For T&T oil sands, talks before threats

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For T&T oil sands, talks before threats 

As an international caucus of environmentalists zeroed in on Trinidad and Tobago's oil sands prospects, activist Wayne Kublalsingh, leader in an aggressive campaign to reroute part of the Point Fortin highway, unmistakably threw down another gauntlet. He actually warned on Sunday that "if the Government were to proceed (with oil sands) they will fall."

Energy Minister Kevin Ramnarine, driven to turn around the relentless slide in crude oil production, must now know he has a fight on his hands. Over the six years to 2011, T&T crude oil production fell by more than half.

Such a pattern of decline in the vital industry has defined a cause in which Mr Ramnarine has become a crusader. With the price of oil internationally high, the Energy Ministry has turned its attention both to heavy oil on land in south Trinidad and in the Gulf of Paria, and to the tar sands located in some 13 square kilometres also in the deep south.

Energy authorities' eyes brighten at the estimate of two billion barrels waiting to be extracted, by unconventional practices, from the long-disregarded oil sands. This estimate is advanced by geologist Herbert Sukhu, who is also a mining engineer familiar with the techniques developed in northwestern Canada for lifting crude from oil sands.


Meeting Canadian Prime Minister Stephen Harper at the Americas Summit in Cartagena, Prime Minister Kamla Persad-Bissessar and Mr Ramnarine described T&T as a tar sands frontier in the making. It pleasantly surprised the Canadian leader to learn that another country is aiming to follow a trail being blazed in his country's "Northern Gateway". That project, intended to make Canada an "energy superpower", entails daily pumping of some 525,000 barrels of oil sands crude for export to Asian markets from Pacific Ocean tanker ports.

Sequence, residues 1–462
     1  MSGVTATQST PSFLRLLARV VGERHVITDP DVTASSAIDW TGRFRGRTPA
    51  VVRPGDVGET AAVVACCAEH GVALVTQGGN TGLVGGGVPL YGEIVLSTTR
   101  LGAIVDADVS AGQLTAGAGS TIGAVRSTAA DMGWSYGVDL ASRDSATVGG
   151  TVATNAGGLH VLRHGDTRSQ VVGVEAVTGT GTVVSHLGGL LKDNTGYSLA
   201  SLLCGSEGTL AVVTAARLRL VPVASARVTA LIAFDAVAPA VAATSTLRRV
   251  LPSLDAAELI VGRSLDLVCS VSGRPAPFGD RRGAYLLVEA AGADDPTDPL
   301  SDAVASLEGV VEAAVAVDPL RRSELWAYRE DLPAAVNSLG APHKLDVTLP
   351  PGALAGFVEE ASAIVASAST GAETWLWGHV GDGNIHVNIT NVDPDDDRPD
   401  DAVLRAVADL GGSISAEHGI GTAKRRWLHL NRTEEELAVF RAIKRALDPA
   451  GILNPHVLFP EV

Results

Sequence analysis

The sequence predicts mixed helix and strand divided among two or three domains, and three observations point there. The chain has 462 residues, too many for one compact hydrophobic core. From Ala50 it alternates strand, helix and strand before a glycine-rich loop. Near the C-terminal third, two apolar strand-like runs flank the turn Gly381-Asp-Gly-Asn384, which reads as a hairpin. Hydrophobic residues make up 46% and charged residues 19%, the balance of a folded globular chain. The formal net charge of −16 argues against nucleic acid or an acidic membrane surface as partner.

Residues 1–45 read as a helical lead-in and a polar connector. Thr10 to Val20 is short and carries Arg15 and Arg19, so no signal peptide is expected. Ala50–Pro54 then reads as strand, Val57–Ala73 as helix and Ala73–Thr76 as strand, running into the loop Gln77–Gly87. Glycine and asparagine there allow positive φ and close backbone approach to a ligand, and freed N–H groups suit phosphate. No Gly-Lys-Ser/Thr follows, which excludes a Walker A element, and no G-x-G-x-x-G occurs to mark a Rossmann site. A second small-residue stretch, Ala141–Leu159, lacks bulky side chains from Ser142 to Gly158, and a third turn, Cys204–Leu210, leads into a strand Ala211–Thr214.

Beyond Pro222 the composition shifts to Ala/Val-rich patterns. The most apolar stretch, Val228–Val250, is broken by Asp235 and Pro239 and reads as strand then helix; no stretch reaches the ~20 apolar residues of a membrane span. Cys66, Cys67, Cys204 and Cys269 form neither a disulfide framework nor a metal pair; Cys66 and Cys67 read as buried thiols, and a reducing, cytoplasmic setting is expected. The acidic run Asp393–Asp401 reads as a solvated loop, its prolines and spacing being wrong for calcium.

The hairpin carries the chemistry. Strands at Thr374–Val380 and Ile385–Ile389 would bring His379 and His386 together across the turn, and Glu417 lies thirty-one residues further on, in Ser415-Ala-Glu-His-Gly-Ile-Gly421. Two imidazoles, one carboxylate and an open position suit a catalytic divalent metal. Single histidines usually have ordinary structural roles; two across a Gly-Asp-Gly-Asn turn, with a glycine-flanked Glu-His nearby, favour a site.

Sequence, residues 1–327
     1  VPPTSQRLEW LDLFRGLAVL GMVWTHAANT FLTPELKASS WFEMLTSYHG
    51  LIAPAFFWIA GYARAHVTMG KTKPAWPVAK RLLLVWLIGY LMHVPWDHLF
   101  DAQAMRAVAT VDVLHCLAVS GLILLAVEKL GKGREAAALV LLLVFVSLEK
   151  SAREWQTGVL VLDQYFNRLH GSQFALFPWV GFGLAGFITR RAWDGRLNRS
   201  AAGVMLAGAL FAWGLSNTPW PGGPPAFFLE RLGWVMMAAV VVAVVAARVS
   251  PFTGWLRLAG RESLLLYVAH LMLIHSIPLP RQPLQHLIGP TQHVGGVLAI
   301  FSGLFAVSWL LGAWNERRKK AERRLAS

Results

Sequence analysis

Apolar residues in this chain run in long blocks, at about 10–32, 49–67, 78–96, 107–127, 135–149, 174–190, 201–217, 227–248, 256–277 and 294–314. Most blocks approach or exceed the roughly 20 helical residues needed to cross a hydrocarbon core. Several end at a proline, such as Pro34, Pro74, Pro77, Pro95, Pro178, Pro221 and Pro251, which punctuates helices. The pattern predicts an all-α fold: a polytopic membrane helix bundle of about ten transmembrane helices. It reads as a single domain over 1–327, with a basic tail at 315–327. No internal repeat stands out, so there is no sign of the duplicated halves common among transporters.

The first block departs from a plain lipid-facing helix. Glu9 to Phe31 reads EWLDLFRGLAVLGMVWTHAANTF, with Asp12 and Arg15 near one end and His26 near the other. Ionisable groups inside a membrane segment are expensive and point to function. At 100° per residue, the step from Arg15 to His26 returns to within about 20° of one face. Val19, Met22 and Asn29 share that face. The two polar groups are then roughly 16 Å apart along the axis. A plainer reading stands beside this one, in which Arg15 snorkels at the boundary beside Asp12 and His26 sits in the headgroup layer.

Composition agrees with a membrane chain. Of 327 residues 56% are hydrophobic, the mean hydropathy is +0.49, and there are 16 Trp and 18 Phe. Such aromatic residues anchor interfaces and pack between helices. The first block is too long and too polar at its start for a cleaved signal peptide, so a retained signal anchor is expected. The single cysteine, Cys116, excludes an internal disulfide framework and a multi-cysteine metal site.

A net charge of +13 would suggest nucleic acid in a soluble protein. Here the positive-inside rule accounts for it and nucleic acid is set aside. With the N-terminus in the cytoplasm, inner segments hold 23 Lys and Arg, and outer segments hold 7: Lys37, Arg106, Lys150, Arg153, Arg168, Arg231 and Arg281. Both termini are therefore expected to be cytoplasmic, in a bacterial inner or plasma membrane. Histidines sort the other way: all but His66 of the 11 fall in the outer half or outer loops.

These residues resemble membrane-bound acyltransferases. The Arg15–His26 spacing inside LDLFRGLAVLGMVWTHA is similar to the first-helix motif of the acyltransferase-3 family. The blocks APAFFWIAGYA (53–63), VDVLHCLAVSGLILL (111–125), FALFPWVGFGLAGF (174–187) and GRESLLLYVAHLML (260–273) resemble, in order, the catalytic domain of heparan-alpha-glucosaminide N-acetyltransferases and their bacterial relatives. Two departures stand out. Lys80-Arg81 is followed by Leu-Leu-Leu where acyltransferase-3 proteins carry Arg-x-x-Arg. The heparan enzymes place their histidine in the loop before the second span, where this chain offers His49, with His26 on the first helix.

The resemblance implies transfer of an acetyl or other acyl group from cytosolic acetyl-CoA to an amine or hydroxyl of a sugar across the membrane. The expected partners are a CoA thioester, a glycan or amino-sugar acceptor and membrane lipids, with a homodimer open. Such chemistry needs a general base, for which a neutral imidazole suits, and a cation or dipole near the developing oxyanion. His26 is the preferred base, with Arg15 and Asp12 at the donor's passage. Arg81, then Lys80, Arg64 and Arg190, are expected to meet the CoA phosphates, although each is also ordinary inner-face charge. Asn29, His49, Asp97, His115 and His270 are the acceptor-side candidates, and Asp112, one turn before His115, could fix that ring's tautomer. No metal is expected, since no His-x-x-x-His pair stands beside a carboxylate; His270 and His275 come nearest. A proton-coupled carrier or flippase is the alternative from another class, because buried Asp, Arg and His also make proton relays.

Beset by challenges on environmental grounds, the Ottawa government last month sharply speeded up the regulatory process to ensure earliest realisation of the oil sands economic benefits, while claiming to "maintain the highest standards of environmental protection". Local tar sands prospects have now drawn the attention of a Canadian activist visiting to propagate the message that oil sands development has caused "so much pain to people in Canada."

The Canadian experience teaches that a government, with energy industry support, motivated by potential economic gains, will press ahead with oil sands, ultimately disregarding the thunder of environmental protest over land and water pollution and negative impacts on the world climate. The need to derive maximum benefit from energy resources is likely to spur full-speed-ahead policies in Port of Spain as well.

Time yet remains for a State-organised national discussion to clarify both the feared environmental costs and the attractive economic benefits. This should take place without need of mortal threats made or carried out on any side of the debate.